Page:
Press and TV reports here in the People's Republic of China
indicate that the country is set to scrap its hukou
or household registration system over the next five years.
The system had effectively created a kind of apartheid in China, where people with a rural household registration (some 70% of the population) were prevented from moving to the cities in search of a better life, deepening the wealth gap between urban and rural residents. Those migrants who did come to the cities found themselves excluded from equal access to education, health and other social services.
The justification for this iniquitous division that left the majority of the population as second class citizens in their own country lay in China's fear of the potential instability expected to be caused by a mass rush of farmers to the cities, destroying any of the fragile benefits of China's recent economic growth.
It appears that the motivation for this change comes from the requirements for China's imminent accession to the WTO, plus a realisation that in-migration from the countryside, far from threatening growth, helps to keep the urban economy vibrant, with migrants willing to do all sorts of dangerous, dirty and menial work that urbanites consider beneath them.
Interestingly, it appears much of the lobbying for change within the government came from the Public Security Bureau, China's civil police force, who were charged with administering the registration system. Interviewed in Nanfang Zhoumo the head of the registration department said the police were tired of bearing the brunt of criticism for a hated system they didn't devise and saw no value in. This is further evidence that governance in China is not the monolith that many foreign observers assume.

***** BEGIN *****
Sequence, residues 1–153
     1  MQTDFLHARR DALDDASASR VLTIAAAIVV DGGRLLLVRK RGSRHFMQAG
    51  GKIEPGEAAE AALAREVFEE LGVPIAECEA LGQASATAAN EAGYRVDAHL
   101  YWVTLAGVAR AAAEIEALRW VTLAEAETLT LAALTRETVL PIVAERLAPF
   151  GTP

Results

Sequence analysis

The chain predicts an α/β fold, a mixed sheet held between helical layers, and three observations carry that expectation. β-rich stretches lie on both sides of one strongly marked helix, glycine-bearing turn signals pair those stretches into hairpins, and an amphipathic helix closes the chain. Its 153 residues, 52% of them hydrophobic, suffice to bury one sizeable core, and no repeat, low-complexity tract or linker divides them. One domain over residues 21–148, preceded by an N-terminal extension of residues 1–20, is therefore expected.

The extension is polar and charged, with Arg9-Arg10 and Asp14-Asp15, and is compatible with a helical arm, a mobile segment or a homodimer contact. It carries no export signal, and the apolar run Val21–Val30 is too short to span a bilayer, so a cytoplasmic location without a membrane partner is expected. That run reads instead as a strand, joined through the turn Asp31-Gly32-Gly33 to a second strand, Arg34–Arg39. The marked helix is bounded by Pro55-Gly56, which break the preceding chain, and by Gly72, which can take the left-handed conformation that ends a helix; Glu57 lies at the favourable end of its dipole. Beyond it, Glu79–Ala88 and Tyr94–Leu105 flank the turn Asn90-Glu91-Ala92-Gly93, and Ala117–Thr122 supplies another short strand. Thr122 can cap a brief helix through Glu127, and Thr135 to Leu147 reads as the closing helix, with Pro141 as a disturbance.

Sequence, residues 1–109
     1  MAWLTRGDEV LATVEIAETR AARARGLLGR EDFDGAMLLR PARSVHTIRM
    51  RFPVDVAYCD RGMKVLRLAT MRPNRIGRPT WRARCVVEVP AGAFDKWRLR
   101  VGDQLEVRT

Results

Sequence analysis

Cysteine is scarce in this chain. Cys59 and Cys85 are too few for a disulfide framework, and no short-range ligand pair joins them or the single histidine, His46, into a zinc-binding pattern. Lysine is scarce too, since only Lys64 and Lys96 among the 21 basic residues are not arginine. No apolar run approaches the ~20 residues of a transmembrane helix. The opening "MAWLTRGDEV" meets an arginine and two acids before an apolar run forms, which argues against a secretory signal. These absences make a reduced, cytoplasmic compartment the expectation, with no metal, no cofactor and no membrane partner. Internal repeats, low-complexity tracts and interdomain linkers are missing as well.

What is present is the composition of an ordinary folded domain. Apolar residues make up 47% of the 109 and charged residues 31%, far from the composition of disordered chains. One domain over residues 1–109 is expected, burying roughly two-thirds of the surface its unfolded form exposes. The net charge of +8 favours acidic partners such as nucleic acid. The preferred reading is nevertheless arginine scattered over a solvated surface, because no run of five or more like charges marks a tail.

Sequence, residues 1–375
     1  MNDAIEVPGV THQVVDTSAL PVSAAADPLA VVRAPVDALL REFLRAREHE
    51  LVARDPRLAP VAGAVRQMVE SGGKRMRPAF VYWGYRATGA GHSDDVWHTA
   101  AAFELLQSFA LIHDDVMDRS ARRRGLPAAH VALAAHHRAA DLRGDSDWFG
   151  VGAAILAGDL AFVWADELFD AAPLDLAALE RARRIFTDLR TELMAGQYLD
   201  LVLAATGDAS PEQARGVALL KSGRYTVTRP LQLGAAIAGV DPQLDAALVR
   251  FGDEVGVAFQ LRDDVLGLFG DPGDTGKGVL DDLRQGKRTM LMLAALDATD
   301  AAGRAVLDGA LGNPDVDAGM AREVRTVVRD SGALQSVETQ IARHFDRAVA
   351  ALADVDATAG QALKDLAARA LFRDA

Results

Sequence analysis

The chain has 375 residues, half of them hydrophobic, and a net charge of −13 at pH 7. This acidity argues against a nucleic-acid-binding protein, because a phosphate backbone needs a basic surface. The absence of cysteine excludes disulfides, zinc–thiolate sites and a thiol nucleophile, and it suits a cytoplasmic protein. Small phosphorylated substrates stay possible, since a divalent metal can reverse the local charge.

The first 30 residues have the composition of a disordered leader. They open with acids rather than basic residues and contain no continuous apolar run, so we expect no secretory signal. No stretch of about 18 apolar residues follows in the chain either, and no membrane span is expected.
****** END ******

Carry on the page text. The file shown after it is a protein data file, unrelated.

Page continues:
Last month (August 2001) the city of Shijiazhuang, provincial capital of Hebei, began a system whereby anyone with a fixed place of residence and stable employment in the city could register there, giving them access to benefits under China's emerging urban social security system. It appears that outside the major metropolises of Beijing, Shanghai and Guangzhou, cities have lost their appeal as the perceived rewards of migration for farmers are offset by the administrative discrimination they were subjected to.
If it does go ahead as planned, it will see China getting rid of the distinction between the peasantry and city dwellers that has existed since classical times, hopefully bringing to an end a millenia old prejudice against the farmers of China, traditionally first in creating the nation's wealth and last in receiving the benefits of that wealth. Perhaps it's related to the drop in the relative importance of agriculture to the national economy in the reform era.
2008 update - despite certain local trial programmes, the system still remains in place. Although many ignore the strictures and head for the cities anyway, the inability to register as a permanent resident affects access to services such as education and the welfare system.